Recently, I wrote about the realization that I was probably addicted to my cell phone. The piece elicited a lot of feedback from people telling me that they can relate. Everyone is a bit ashamed to admit it; we all know how absurd it is to think that a hand-held device could have has such a powerful grip on our brains.

In my case, I decided to do something about it by giving up the phone entirely on Shabbat. I can’t claim this is a religious thing. I didn’t give up anything else on Shabbat, and I’m not looking for pious pats on the back. Just trying out a strategy to combat my phone addiction, and Shabbat seemed like an ideal day to shut down. If that gets me a few additional religious reward points, I’ll gladly take it. My shomer shabbos friends reading this are welcome to chuckle at my great sacrifice. Go right ahead, I don’t blame you. But as a proud Reform Jew, I can text to my heart’s content on Shabbat, which, as I see it, makes my sacrifice pretty great.

So to my fellow phone addicts, in case you’re contemplating cutting down on your own cell phone use, I have identified five takeaways I’ve already gleaned from the brief time since I implemented my Shabbat no phone zone:

It’s Hard.

It’s ridiculously hard to put the phone away. If you’re a real phone addict, then going cold turkey and disconnecting for 24 hours is shockingly hard at first. Something in your brain goes haywire, and you feel a constant, unfulfilled urge to be connected. The first time, I experienced a combination of emotions, none of them good – frustration, emptiness, anxiety. It became painfully obvious how intertwined my phones was to my existence – checking emails, texts, news, social media, notes, podcasts, research, music, weather, directions – even talking on the phone.

There’s always something to do with your phone. It’s become a reflex, a constant companion that keeps us endlessly occupied, whether we’re on our couch, taking a walk, waiting in line at the drive-thru, or whatever. Once you try giving that up – even for 24 hours – you become starkly aware that these devices have morphed into something much larger than we ever could have imagined, and you realize there’s something deeply troubling about that.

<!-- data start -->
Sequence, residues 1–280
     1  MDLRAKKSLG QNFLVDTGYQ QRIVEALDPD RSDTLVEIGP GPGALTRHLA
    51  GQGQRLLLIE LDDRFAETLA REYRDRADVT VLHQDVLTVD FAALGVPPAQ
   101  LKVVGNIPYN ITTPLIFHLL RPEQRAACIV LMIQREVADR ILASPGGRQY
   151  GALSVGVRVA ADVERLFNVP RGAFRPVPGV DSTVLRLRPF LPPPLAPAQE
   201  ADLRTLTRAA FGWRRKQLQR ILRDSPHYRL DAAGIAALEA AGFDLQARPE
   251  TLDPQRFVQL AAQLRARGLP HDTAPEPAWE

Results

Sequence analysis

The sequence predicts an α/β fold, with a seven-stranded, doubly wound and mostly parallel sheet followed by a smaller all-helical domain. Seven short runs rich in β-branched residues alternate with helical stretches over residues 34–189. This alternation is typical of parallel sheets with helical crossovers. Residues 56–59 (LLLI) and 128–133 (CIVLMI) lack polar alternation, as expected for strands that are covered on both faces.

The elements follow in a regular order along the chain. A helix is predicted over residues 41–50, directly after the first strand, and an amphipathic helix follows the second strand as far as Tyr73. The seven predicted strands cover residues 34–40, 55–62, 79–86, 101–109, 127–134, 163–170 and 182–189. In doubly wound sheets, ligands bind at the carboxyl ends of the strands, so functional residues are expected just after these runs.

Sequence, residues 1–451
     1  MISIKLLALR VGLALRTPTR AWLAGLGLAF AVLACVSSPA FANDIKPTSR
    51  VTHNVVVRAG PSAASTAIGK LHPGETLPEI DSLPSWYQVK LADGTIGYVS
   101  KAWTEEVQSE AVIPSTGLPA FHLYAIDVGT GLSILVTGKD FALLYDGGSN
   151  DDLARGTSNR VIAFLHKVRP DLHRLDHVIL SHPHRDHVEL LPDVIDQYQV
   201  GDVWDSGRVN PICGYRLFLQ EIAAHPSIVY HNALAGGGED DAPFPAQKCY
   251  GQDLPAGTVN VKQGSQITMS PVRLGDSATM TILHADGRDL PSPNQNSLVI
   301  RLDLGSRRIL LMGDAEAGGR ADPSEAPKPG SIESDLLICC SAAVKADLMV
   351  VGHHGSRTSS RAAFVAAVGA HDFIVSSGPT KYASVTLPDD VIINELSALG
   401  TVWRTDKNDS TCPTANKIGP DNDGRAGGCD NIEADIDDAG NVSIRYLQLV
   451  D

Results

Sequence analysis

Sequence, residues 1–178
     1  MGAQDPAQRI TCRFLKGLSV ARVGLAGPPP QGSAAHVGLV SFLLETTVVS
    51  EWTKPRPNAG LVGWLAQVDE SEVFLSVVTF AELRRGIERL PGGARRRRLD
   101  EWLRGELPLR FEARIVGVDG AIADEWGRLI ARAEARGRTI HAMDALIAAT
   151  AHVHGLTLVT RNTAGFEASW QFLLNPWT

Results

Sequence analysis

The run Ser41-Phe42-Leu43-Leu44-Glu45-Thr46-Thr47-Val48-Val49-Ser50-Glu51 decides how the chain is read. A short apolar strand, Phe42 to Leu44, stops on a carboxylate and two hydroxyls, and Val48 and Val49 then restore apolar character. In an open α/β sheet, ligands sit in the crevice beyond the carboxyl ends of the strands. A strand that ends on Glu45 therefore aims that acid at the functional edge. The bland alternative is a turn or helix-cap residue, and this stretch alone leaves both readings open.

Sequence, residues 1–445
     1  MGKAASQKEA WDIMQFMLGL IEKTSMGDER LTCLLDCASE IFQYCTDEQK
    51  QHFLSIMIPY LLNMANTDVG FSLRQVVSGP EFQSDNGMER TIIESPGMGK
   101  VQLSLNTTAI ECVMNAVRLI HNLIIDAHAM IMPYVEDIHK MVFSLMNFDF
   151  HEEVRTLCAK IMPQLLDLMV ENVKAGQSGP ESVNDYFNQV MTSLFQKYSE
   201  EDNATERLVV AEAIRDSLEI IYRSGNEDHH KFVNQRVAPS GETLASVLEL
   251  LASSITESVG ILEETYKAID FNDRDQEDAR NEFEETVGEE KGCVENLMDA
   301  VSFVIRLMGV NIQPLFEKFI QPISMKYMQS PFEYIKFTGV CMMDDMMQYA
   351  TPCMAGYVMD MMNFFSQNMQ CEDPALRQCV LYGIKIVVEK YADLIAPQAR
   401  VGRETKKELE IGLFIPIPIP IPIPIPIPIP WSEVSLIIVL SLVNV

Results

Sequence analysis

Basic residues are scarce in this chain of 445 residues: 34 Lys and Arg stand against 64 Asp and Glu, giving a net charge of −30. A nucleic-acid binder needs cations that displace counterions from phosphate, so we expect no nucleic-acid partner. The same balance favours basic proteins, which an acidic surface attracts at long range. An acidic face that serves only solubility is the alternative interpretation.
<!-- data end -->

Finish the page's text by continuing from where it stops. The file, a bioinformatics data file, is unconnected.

Everyone Around You Has Their Heads in Their Phones.

When you’re not one of the cell phone people, you can’t help but see things with fresh eyes. It’s actually amusing. Most places you go are filled with people looking down at the palm of their hands. Last week I was the only one at Starbucks sitting outside without a cell phone. Every single person was digitally connected and I was the lone unconnected guy, watching everyone, and feeling like an outsider at the party. I didn’t feel special or judgmental (ok, maybe just a little), but it sure made me wonder what’s become of us.

Everyone was so consumed in a world of their own. They were talking on their phones, perhaps working, visiting their favorite websites, tweeting away, playing a game, checking their steps, listening to a podcast. They weren’t necessarily unhappy – they were just someplace else. And I was just sitting there, doing nothing but drinking my coffee, and feeling like the guy in Invasion of the Body Snatchers who suddenly noticed that everyone around him had become one of the pod people. And worse yet, I have to admit that watching them actually made me jealous. I wanted to be one of the pod people! They had their mobile companions with them, and thus the whole world at their fingertips. I craved to be reunited with the light, the warmth of my own palm pal, who was back at the house, cold and alone in a dark desk drawer.